The surface-buoyed air resonator chamber 102 located within the acoustic aerobuoy detector 100 can be, for example, a Helmholtz resonator. The dimensions of the resonator chamber 102 volume, opening 110 surface area and neck length, are carefully chosen so that the chamber will resonate at the frequency of the airborne sound pressure field 104 received from the approaching aircraft. When the airborne sound pressure field is intercepted, the resonate chamber 102 resonates thereby greatly amplifying the sound waves. For example, an aircraft acoustic blade passage rate (frequency) of sixty (60) Hz would undergo 44 decibels (dB) of received sound amplification within a resonator chamber 102 having a volume of approximately one cubic foot and a dimensioned opening 110 of approximately one inch diameter. The resonating sound waves are detected by the microphone 116 located inside the chamber and converted into an electrical signal. The electrical signal is then delivered to the pre-amplifier 118 and the post-amplifier stage 122 prior to transmission along cable 128 to an underwater vehicle (or surface craft) for signal processing by an on-board signal processor 133 as shown in FIG. 4.
After intercepting the sound pressure field 104, the resonator chamber 102 amplifies the airborne sound waves at a frequency controlled by the dimensions of the chamber as described in equations 1 and 2 below: ##EQU1## where "c" is equal to the speed of sound in air, "S" is equal to the area of the dimensioned (resonator) opening 110, "1'" is equal to the effective (vertical) neck length of the dimensioned (resonator) opening 110 as shown in FIG. 3, and "V" is the volume of the resonator chamber 102. The chamber is comprised of a defined volume of approximately one cubic foot and including a pronounced vertical neck 134 having a length dimension "1" as shown. The effective neck length "1'" is equal to the length "1" of the pronounced vertical neck 134 plus a delta correction factor (2§1) which accounts for inducted mass (such as air) to an unflanged neck of the resonator chamber 102. The radius of the dimensioned opening 110 is shown as "a" and is equal to one-half the diameter or approximately one-half inch.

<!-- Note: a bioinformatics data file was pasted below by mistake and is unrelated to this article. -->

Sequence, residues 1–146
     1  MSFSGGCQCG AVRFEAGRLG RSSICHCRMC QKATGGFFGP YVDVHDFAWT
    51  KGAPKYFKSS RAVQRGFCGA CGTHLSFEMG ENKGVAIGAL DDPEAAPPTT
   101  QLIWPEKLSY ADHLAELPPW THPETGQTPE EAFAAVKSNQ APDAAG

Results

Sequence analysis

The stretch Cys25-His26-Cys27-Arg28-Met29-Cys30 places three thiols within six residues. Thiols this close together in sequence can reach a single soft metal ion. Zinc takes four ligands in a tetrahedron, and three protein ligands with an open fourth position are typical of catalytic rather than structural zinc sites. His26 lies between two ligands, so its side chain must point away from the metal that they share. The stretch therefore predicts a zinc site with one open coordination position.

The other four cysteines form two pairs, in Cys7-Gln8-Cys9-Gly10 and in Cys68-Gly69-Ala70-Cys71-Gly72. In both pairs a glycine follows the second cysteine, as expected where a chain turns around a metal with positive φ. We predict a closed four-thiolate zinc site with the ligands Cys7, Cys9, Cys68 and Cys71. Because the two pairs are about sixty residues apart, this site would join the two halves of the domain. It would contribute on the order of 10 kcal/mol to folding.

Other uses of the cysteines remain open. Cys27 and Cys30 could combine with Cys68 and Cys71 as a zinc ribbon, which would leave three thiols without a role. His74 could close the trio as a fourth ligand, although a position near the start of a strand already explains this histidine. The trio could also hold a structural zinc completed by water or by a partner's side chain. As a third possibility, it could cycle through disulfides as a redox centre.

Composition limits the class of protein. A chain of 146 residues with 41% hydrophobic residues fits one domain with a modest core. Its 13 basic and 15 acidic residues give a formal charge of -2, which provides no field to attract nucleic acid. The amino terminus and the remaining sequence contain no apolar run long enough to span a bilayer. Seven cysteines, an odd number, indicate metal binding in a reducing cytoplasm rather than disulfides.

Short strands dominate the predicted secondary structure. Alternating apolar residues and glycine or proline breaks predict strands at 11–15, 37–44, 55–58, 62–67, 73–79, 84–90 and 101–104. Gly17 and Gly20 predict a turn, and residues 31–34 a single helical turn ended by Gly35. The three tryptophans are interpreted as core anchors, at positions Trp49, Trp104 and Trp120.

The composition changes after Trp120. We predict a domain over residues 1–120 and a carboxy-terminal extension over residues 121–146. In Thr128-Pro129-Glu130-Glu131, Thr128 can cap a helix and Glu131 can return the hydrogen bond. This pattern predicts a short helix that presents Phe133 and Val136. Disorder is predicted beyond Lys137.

The following example is designed to illustrate that for frequencies of interest, the dimensions of the acoustic aerobuoy detector 102 as noted above are reasonably suitable for implementation in a device of this type. The detector provides high amplification of the airborne sound pressure field 104 using only the acoustic properties of the resonator chamber in a marine environment. The dimensions are selected to provide a particular chamber volume which will resonate upon intercepting an airborne sound pressure field of a particular frequency as noted in equation (1). The design volume is then used to calculate the amplification factor as recited in equation (2).
Since frequency in radians (wo) is equal to (2π) x frequency, equation (1) may be rewritten as follows: ##EQU2## By squaring equation (3), the square root radical is lifted which provides: ##EQU3## By transposing equation (4), an expression for the volume is: ##EQU4##
In order to determine the volume of the resonator chamber 102, parameters for the speed of sound "c" in air, the area "S" of the dimensioned opening 110, the effective neck length "1'", and the frequency in radians "wo" must be determined. The speed of sound in air at twenty degrees centigrade is:
c=[343 meters per sec./0.3048 meters per ft.]
The area "S" of the dimensioned opening 110 is:
S=πa2 =π(0.5/12)2 ft.2 =0.0109 ft.2.
If the frequency of the sound pressure field 104 is assumed to be 60 Hz, then the frequency in radians wo=120π. Finally, the effective neck length "1'" is:
1'=1+2δ1=1+2(0.6a) inches for an unflanged neck of the resonator chamber. Further calculation provides
By inserting each of these parameters into equation (5), the resonator chamber volume 102 at an acoustic blade passage rate of 60 Hz is 1.06 ft.3. Further, by employing the above calculated information in equation (2) above, the amplification in dB or amplification factor "n" can be determined to be equal to 44 dB. Based upon this amplification factor by the resonator chamber, further calculations can be performed to determine the approximate range at which the airborne sound pressure field 104 can be detected from the approaching propeller-driven aircraft 106.